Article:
Transcribed Videotape Interview with Karen Boudrie-Evers, Corpus Christi Television Reporter, in Dallas, Texas (Feb. 28, 2005) at 01:25:58–1:26:50 ("As I said, being a novice, really, at the time I was covering Carlos DeLuna's [trial], I was kind of like a sponge, soaking up everything. It was kind of like a deer in the headlights, in watching this process and just learning.").

Transcribed Videotape Interview with Karen Boudrie-Evers, Corpus Christi Television Reporter, in Dallas, Texas (Feb. 28, 2005) at 02:09:24–02:09:52 ("Also being my very first murder trial, so it was tenfold sensational and exciting to me, because I had never experienced anything like that before. It was very interesting to see the beginning of this trial, the end, and continue on with the process of appeals.");

see also Transcribed Videotape Interview with Karen Boudrie-Evers, Corpus Christi Television Reporter, in Dallas, Texas (Feb. 28, 2005) at 01:22:20–01:24:50:

My name is Karen Boudrie Evers. In 1983 I went to work for my first television job in Corpus Christi, Texas, at the CBS affiliate, KZTV. I worked there for a couple of years, then I moved to the NBC affiliate in Corpus Christi, Texas. So I was there [in Corpus Christi] for a total of six years, until 1989. Then I moved to Georgia to start up a television station in Georgia as the news director and main anchor there. And after a couple of years I moved to New Orleans to work at the FOX affiliate in New Orleans, where I worked on-air as an anchor and reporter for about nine and a half years. Then I got out of TV news and started my own public relations and advertising and video company, which I've been running for the past three years now. It's still in New Orleans, primarily. . . . Probably the majority of the time in Corpus Christi as a reporter, I was a beat reporter covering police and courts. I covered City Hall for a while, and various general news. But one of the reasons I was hired away from one station was for the courts and the police contacts I had made, so that was kind of my forte. I started my day as a police beat reporter at the police station. Before I even went into the office, [I] would start at the Corpus Christi police station, or the courthouse, depending on what month it was. For a while I would do courts, or police, or both. I would cover an event as it happened, when the police were on the scene, then end up covering the trial, following the process through. Which wasn't the case with Carlos DeLuna, because that crime happened right before I got there in Corpus.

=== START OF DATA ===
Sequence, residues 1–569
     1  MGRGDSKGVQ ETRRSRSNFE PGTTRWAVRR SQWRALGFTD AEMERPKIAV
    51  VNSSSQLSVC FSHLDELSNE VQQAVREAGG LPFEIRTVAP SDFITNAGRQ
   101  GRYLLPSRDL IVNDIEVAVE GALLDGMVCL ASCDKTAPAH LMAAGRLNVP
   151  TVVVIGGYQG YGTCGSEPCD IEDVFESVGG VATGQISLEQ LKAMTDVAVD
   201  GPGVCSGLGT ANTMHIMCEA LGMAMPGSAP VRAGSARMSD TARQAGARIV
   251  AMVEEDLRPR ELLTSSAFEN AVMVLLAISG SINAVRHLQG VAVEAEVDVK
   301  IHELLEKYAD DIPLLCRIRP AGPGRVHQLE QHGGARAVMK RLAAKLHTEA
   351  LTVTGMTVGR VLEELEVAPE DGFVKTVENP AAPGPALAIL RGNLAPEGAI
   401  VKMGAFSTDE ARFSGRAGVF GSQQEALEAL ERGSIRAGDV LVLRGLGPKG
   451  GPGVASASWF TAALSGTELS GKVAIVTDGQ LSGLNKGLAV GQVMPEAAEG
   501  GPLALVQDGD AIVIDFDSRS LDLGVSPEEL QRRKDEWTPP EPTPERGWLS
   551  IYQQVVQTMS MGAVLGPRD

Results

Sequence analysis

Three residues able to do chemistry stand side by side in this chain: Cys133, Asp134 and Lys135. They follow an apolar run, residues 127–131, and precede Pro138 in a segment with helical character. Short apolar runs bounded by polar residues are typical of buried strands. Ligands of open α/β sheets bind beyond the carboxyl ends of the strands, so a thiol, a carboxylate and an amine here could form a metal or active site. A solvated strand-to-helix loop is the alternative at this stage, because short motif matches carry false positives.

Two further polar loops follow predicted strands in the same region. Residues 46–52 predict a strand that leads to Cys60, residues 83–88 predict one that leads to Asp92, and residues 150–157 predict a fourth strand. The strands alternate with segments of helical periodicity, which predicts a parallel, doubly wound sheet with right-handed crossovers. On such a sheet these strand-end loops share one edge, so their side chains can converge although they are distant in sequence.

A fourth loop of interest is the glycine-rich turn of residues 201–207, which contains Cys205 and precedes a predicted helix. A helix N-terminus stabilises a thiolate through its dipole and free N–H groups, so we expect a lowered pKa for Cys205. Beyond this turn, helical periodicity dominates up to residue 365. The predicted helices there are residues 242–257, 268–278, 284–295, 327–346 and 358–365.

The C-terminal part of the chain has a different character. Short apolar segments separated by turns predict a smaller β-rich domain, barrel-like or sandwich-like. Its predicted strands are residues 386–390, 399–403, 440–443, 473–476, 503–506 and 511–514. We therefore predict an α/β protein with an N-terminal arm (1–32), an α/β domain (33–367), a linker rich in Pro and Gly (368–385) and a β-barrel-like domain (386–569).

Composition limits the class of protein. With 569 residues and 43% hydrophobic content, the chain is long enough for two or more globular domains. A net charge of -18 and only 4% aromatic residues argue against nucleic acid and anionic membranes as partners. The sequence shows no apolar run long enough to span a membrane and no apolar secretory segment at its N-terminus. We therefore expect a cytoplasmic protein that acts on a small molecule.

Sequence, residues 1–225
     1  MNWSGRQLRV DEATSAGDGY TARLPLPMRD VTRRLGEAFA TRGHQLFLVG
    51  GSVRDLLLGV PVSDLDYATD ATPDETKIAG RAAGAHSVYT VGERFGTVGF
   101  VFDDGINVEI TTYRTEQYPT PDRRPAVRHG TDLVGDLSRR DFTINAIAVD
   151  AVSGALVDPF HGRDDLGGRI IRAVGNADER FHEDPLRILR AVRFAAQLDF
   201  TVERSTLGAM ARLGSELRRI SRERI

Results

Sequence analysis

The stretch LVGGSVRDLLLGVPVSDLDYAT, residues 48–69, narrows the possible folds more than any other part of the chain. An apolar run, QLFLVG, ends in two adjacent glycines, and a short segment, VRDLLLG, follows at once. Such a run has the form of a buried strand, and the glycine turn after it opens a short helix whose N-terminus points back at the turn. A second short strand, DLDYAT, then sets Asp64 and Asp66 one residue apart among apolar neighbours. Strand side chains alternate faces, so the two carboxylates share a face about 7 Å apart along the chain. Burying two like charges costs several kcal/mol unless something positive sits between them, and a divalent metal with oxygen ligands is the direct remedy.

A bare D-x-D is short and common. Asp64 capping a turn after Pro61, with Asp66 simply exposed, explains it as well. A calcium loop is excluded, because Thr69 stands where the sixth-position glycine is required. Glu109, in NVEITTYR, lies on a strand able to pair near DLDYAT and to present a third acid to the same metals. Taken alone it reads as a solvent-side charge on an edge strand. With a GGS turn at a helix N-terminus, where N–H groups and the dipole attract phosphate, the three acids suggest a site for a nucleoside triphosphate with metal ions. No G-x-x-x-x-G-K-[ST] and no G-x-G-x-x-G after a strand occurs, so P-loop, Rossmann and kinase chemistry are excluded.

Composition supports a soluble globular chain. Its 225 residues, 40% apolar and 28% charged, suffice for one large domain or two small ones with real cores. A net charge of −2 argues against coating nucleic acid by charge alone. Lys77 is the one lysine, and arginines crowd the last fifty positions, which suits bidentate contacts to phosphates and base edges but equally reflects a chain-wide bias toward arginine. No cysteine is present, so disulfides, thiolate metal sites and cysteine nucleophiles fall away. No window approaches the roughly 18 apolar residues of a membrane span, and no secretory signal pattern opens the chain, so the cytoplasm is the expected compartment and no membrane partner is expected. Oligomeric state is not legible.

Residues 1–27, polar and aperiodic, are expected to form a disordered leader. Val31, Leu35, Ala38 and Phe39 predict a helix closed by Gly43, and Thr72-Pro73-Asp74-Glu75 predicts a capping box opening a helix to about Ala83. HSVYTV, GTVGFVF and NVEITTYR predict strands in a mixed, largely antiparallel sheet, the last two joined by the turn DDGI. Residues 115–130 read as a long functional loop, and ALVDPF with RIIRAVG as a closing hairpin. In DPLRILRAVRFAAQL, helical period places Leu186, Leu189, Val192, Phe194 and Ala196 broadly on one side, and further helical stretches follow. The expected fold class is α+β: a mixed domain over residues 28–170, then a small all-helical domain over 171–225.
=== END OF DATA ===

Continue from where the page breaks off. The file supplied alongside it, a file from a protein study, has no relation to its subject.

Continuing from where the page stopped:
Transcribed Videotape Interview with Karen Boudrie-Evers, Corpus Christi Television Reporter, in Dallas, Texas (Feb. 28, 2005) at 1:27:23–1:30:50:

As I continued, and had the opportunity to continue to follow the case over the years. I met Carlos DeLuna on Death Row a year after he had been sentenced. Went up to Huntsville [where death row is located] . . . . After that first meeting, Carlos began to write to me. He had my address at the station, because I had to write to him to request the interview, to get on his list, and whatnot. So he began to write to me. . . . And as a journalist, I wanted to keep that connection going. I thought, maybe one day I'll be the person he reveals some deep, dark secret to, perhaps, and just continue to stay connected as this case developed. I figured this would be years and years before the appeals were exhausted. . . . I remember at one point, too, there was a death date set. And he came back to Corpus. I actually got to talk with him briefly in the hallway. I think one of the prosecutors or somebody had let me get close to him. They were holding him in a back room and I got to talk with him briefly. Then, I don't know, I guess it was a couple years later, or a year or two later. He had received a stay at that point. I went up to interview him again on Death Row.

Transcribed Videotape Interview with Karen Boudrie-Evers, Corpus Christi Television Reporter, in Dallas, Texas (Feb. 28, 2005) at 1:41:22–1:43:40 ("And I covered the civil trial involving the Diamond Shamrock and Wanda Lopez's family. I covered that. This case never seemed to let go of me. All those years I was in Corpus, there were connections. There were appeals, I would follow the case itself as a reporter. But different aspects of it, these people that were involved, always seemed to crop up in my life in one way or another.").

Transcribed Videotape Interview with Karen Boudrie-Evers, Corpus Christi Television Reporter, in Dallas, Texas (Feb. 28, 2005) at 1:29:04–1:29:56 ("And as a journalist, I wanted to keep that connection going. I thought, maybe one day I'll be the person he reveals some deep, dark secret to, perhaps, and just continue to stay connected as this case developed. I figured this would be years and years before the appeals were exhausted.").

Transcribed Videotape Interview with Karen Boudrie-Evers, Corpus Christi Television Reporter, in Dallas, Texas (Feb. 28, 2005) at 01:22:20–1:27:23:

A. So I was there [in Corpus Christi] for a total of six years, until 1989. Then I moved to Georgia to start up a television station in Georgia as the news director and main anchor there. And after a couple of years I moved to New Orleans to work at the FOX affiliate in New Orleans, where I worked on-air as an anchor and reporter for about nine and a half years. . . .

Q. Over the course of your work in Corpus Christi, how many capital trials did you cover?

A. Gosh, I wish I knew the actual answer. But a number of capital murder trials I watched and covered. And then in New Orleans, covered a number of capital murder trials as well, and noticed the differences in what constitutes a capital trial in Louisiana versus Texas versus Georgia. . . . It [DeLuna's] wasn't your run-of-the-mill murder trial, not that any of them are. I've covered so many since then.

Chapter 13